The inclusion criteria were 1) patient age 18 years or older with symptomatic unilateral steno-occlusive disease and 2) who exhibited focal neurological symptoms that were sudden in onset and referable to the appropriate anterior circulation large-artery distribution (ipsilateral to the significant large-vessel atherosclerotic pathology), including one or more transient ischemic attacks, characterized by focal neurological dysfunction or transient monocular blindness, or one or more minor (nondisabling) ischemic strokes.21 Unilateral disease was considered as a maximal stenosis of 50% on the contralateral side graded by duplex sonography according to the NASCET (North American Symptomatic Carotid Endarterectomy Trial) criteria.22

First, all symptomatic patients with unilateral steno-occlusive disease who underwent a separate clinical TCD ultrasonography investigation were selected from the database. For the acute group (scanning performed < 10 days from the stroke event), only patients who underwent both investigations within 1 week were included in this study. For the chronic group (scanning performed > 90 days from the stroke event), we allowed for an interval of 8 weeks, and TCD ultrasonography could not have been performed in the acute stroke phase. Patients with an insufficient insonation bone window by TCD examination, a vascular pathology of the posterior circulation, or bilateral anterior circulation steno-occlusive disease (inclusive of moyamoya disease) were excluded from further analysis.

After evaluation, 165 patients (96 with acute stroke and 69 with chronic stroke) qualified for inclusion. Based on the average BOLD-CVR values of the ipsilateral hemisphere, we were able to match 80 patients (40 per group) and include them for further analysis. Patients who underwent both BOLD-CVR and TCD ultrasonography studies in the acute stage of ischemic stroke (< 10 days) composed the acute hemodynamic cohort, whereas patients who underwent both examinations in the chronic stroke stage (> 3 months) made up the chronic hemodynamic cohort. Some patient data from this cohort have been reported previously.7,17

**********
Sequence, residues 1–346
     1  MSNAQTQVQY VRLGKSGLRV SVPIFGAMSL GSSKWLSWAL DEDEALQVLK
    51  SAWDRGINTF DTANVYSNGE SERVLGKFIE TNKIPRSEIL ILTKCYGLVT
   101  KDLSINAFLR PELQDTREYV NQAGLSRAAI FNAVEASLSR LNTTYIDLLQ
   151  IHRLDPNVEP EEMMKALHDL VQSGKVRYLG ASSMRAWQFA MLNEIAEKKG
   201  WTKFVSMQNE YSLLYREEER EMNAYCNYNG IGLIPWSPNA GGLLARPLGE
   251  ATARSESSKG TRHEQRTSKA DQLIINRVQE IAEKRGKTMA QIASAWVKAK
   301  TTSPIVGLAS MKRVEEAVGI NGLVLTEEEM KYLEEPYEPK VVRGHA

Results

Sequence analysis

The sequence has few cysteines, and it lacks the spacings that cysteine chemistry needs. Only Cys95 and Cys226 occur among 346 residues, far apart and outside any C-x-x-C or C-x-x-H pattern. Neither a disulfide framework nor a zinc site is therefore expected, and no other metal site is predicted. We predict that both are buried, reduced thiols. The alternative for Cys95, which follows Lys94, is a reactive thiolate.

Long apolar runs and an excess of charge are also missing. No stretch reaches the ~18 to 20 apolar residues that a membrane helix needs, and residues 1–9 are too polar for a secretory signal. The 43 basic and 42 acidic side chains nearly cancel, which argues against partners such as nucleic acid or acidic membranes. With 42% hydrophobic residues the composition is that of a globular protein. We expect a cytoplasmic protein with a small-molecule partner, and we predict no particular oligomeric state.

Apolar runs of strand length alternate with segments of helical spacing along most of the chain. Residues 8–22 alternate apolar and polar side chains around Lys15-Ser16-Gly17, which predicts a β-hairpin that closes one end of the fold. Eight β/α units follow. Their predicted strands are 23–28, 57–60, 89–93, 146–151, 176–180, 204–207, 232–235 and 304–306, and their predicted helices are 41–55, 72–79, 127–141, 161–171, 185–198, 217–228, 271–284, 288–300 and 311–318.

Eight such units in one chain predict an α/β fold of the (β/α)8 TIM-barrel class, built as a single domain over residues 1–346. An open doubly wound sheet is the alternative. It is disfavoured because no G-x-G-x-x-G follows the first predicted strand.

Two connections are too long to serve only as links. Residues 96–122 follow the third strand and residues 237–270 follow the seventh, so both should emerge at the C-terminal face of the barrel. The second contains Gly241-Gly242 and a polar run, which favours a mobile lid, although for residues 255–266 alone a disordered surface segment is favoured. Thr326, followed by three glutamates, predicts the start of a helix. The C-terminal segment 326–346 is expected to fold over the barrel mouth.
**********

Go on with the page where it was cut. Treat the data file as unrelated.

Image Acquisition and Analysis

BOLD functional MRI images were obtained using a 3-T Skyra VD13 (Siemens Healthcare) scanner with CO2 as the vasoactive stimulus modulated by a computer-controlled gas blender with prospective gas-targeting algorithms (RespirAct, Thornhill Research Institute). This allowed for a short 80-second duration of iso-oxic hypercapnia to induce a vascular response. A high-resolution T1-weighted magnetization-prepared rapid acquisition gradient echo (MP-RAGE) image was obtained for anatomical overlay of the BOLD-CVR images. All BOLD-CVR images were obtained using a previously published method,23 which has been used in multiple studies.14,17,20 BOLD-CVR, defined as the percentage of the BOLD signal change/mm Hg CO2, was calculated from the slope of a linear least-square fit of the BOLD signal time course to the CO2 time course during the BOLD scan.23

From the T1-weighted MP-RAGE scan, a probability map for the gray matter, white matter, and CSF was obtained. Each T1-weighted MP-RAGE image was then manually masked for the affected hemisphere, and in combination with a gray-white matter probability map (> 80% probability), CVR of the affected hemisphere was calculated.